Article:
Submitted to: Journal of Entomological Science
Publication Type: Peer reviewed journal
Publication Acceptance Date: 3/22/2011
Publication Date: 10/1/2011
Publication URL: http://handle.nal.usda.gov/10113/53834
Citation: Allen, K.C., Luttrell, R.G. 2011. Temporal and spatial distribution of Helicoverpa zea and Heliothis virescens (Lepidoptera: noctuidae) moths in pheromone traps across agricultural landscapes in Arkansas. Journal of Entomological Science. 46(4):269-283. Interpretive Summary: An understanding of the distribution of insect pests across the landscape is important for implementing proactive control measures and in developing plans to alleviate insect resistance to insecticides. The influence of cropping patterns may have profound effects on numbers and timing of insect pests within a defined area. Traps baited with lures for the attraction of male moths have been useful and convenient tools in examining numbers of a particular pest insect at a defined point within the landscape for an extended time period. Coupling moth trap captures with information about the crops grown adjacent to and surrounding the moth traps provides information about the importance of these different crops to insect populations at different time periods during the growing season. The caterpillars of the tobacco budworm and bollworm are pests of numerous crops grown in the U. S. and their populations as measured in moth traps in relation to different crop hosts within Arkansas was measured over a three-year period. Overall, fewer tobacco budworm moths were captured than bollworm moths. More tobacco budworm moths were captured next to early-planted soybean fields and cotton fields planted with varieties that were not genetically modified to express an insecticide (non-Bt cotton) than in traps next to corn and cotton that were genetically modified to express an insecticidal toxin (Bt crops). More bollworm moths were captured in traps located next to corn during the month of June than most other crop types. Fewer bollworm moths were captured during the month of June and more tobacco budworm moths were captured during the month of August in an area of intense cotton production in AR when compared to more diverse cropping environments.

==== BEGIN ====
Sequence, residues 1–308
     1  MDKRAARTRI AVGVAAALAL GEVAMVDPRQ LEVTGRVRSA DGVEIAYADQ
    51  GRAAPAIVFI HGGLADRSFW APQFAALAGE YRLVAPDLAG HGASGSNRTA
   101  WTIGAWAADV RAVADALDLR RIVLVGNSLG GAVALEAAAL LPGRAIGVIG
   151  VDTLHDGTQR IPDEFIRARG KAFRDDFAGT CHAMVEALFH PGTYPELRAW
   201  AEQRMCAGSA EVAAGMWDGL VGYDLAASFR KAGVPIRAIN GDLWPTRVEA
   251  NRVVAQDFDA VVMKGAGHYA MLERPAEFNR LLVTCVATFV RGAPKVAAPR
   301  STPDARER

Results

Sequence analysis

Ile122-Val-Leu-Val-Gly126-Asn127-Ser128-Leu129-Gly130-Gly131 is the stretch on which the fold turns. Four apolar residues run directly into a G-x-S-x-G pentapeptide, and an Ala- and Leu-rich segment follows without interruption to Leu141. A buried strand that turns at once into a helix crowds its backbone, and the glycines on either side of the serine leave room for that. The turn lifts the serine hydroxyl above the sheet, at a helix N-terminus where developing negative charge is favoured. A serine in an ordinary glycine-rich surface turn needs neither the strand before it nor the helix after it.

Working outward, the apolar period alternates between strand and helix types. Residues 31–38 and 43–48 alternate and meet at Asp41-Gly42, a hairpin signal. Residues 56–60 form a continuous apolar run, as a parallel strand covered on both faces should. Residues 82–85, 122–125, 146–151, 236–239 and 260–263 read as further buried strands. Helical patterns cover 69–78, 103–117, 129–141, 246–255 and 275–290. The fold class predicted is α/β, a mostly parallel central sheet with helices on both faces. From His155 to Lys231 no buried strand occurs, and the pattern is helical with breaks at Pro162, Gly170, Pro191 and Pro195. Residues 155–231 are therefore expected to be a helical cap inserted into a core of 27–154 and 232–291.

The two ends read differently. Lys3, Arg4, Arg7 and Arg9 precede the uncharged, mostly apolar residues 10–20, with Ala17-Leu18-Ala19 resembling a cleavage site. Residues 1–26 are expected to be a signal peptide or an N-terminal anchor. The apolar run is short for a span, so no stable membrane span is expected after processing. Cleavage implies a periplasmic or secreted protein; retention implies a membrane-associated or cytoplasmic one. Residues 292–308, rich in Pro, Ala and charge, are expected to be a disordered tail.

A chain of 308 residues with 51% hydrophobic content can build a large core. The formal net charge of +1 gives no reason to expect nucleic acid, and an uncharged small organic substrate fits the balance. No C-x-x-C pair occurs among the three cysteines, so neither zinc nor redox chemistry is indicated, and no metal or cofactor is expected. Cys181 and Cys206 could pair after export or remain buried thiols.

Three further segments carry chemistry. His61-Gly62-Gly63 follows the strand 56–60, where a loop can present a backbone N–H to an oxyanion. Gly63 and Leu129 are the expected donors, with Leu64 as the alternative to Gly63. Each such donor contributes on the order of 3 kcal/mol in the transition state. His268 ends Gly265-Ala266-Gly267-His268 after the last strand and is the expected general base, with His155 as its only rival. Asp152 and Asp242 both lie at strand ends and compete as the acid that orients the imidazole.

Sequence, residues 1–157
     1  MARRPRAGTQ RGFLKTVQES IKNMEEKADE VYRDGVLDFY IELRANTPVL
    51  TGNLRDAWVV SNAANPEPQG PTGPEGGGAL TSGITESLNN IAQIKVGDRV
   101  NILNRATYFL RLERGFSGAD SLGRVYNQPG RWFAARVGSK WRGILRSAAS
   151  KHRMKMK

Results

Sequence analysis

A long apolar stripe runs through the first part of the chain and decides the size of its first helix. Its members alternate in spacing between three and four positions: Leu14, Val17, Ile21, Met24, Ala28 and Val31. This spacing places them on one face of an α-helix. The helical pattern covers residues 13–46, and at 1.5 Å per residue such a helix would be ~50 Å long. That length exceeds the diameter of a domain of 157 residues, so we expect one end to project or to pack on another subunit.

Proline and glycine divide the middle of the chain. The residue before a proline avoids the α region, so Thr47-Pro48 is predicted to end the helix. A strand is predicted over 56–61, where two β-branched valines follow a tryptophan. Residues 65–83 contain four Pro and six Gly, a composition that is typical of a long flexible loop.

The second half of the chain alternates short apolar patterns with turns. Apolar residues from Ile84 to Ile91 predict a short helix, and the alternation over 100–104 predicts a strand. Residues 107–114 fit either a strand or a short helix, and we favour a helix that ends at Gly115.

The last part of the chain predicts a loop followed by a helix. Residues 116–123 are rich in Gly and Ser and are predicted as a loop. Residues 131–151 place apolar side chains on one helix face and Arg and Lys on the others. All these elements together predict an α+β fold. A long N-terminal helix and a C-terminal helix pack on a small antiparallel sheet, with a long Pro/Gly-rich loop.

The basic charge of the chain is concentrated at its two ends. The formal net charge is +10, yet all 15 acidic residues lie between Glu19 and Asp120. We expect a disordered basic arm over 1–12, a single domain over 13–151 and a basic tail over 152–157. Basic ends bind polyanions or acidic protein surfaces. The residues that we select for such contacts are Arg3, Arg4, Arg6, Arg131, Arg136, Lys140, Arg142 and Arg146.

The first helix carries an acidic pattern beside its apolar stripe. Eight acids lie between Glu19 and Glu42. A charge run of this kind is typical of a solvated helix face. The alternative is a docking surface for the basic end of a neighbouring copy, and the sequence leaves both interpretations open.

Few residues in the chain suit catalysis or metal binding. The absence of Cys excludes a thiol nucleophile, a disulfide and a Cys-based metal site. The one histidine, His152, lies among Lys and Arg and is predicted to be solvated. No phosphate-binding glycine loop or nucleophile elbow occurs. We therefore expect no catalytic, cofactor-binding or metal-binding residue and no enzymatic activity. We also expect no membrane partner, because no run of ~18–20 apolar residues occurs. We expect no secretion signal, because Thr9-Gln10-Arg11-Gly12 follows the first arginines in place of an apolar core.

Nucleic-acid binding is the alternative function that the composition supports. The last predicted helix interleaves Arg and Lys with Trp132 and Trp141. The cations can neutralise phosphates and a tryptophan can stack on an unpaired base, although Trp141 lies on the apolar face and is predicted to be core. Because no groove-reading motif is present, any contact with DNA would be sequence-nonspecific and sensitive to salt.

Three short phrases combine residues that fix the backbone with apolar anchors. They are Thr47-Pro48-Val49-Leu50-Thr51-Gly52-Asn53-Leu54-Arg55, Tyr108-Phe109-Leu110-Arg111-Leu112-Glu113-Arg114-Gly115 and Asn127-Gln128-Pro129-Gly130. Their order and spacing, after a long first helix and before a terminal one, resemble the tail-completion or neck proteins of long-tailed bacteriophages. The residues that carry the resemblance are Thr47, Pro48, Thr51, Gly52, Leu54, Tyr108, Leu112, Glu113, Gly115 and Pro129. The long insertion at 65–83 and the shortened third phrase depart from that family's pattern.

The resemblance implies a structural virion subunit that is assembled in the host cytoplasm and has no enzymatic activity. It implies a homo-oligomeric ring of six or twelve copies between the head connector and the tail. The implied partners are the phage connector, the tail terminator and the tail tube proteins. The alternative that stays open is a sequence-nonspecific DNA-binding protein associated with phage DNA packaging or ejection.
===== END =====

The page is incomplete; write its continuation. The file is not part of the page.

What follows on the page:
Technical Abstract: Pheromone trap captures of Helicoverpa zea (Boddie) and Heliothis virescens (F.) from 2002-2005 were used to examine the distribution of these species across a multiple crop environment in southeast Arkansas. The greatest number of H. virescens moths was collected during 2003, but densities were low compared with H. zea throughout the study. Overall, fewer H. virescens moths were captured next to Bt corn and Bt cotton than next to non-Bt cotton and early maturing soybean. A significant relationship was not detected between pheromone trap captures of H. virescens and the percentage of these moths that fed on cotton as larvae. More H. zea moths were captured in traps located next to Bt corn and non-Bt corn during the month of June than in traps located next to cotton, sorghum, or soybean, while traps located adjacent to early- and late-maturing varieties of soybean, Bt cotton, non-Bt cotton, and grain sorghum captured greater numbers of moths than those traps located next to corn during July. Therefore, the distribution of H. zea appeared to be influenced by corn acreage during the month of June. Later in the season, this species was widely distributed across the agricultural landscape. Compared to two other regions of AR, fewer H. zea moths were captured during the month of June and more H. virescens moths were captured during August in Mississippi County, an area of intense cotton production.